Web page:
Thousands of Google employees have shared their salary details with each other in a bid to ensure they are fairly paid, a former staff member has claimed.
Managers at the US web giant - which is generally seen as being an enlightened employer - were allegedly furious at the grassroots action, which saw colleagues willingly enter their salaries into a shared spreadsheet.
It is common practice for firms to discourage staff from discussing their salary details - partly to avoid the discovery of potentially embarrassing pay gaps between people doing similar jobs.
The claims centre on an internal spreadsheet allegedly created by software engineer named Erica Baker – who spent almost a decade working at Google – and a group of her her former colleagues.
After the database was posted on Google’s internal network, “It took off like wildfire. It got reshared all over the place,”claimed Ms Baker, who left the company in May this year.
In a series of tweets posted a few days ago, she continued: “People started adding pivot tables that did spreadsheet magic that highlighted not great things re:pay,”
Ms Baker claimed that after news of the spreadsheet’s existence spread around the company, she was summoned by her boss. “Higher up people weren’t happy. She wasn’t happy. Why did I do it?” she tweeted, recalling the encounter. She claims to have responded to pressure from her manager by pointing out it is illegal to retaliate against workers for telling each other what they earn.
Ms Baker, a former software engineer at Google’s headquarters in Mountain View, California, claims she was targeted for her efforts to bring greater salary transparency to the firm, which announced quarterly profits of £2.38bn in April.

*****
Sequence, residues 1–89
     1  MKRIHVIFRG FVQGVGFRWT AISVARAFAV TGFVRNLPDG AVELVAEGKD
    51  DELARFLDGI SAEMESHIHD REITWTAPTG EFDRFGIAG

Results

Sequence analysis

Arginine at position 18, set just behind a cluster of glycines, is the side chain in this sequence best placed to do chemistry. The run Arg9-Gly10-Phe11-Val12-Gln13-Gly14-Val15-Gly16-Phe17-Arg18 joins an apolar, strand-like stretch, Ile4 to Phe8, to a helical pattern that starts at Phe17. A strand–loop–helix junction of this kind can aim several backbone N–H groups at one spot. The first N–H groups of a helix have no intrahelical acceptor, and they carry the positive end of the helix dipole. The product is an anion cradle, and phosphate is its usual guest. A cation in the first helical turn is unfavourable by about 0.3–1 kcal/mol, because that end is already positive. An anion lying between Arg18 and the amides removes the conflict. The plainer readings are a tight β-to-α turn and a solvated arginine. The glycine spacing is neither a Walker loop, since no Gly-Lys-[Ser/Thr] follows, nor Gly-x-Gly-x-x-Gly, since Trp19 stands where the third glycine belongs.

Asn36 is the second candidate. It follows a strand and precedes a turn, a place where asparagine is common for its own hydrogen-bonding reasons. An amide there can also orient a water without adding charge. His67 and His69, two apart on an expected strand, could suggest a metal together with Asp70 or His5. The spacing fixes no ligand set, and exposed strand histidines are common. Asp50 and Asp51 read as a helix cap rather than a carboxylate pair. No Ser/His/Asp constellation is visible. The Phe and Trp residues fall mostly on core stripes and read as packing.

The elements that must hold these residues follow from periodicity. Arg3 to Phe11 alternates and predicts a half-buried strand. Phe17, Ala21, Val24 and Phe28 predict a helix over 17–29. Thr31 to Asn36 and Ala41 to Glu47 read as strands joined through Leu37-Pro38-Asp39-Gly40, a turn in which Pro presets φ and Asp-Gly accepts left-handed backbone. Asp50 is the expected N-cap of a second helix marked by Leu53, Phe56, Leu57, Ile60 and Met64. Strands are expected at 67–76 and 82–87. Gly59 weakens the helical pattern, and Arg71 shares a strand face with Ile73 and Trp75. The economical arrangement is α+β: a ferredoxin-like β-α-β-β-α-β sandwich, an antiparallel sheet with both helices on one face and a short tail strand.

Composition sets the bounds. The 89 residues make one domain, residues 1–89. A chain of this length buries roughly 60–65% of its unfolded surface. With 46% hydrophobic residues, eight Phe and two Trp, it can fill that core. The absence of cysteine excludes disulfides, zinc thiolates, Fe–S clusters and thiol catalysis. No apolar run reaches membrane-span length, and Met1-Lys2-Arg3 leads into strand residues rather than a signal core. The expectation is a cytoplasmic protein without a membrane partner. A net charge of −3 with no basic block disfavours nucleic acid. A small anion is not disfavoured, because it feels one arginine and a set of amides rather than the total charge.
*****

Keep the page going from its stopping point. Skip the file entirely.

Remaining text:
Ms Baker claimed that before she left Google, “about 5% of former co. had shared their salary...People asked for & got equitable pay based on data in the sheet.”
If her claim is correct, this would mean that around 2,680 of Google’s 53,600 employees had shared their income details.
The former Google worker commented: “The world didn’t end. Everything didn’t go up in flames because salaries got shared. But shit got better for some people.”
Ms Baker, who now works at Slack Technologies in San Francisco, says she was prompted to speak out publicly after Google celebrated the African American suffragette and civil rights leader Ida B Wells on its homepage last week.
“Fighting for justice and fairness inside Google doesn’t go over well. Salary sharing is only one example,” she said. “Guaranteed that if Ida Wells were alive & working at Google today, there’d be many private calendar meetings focused on ‘her future’ there,” she added.
Approached for comment yesterday, a Google spokesperson said: “I’m afraid we do not have anything to share on this at the moment.”
The claims threaten to tarnish Google’s reputation as a model employer. Like other internet giants, it makes much of the facilities and rewards available to talented staff.
Google was ranked the world’s best company to work for in 2014 by Fortune magazine and the Great Place to Work Institute – the sixth time that Google has topped the ranking. Employees listd free healthcare and travel insurance, legal advice, grants to study, and generous parental perks as among the benefits.
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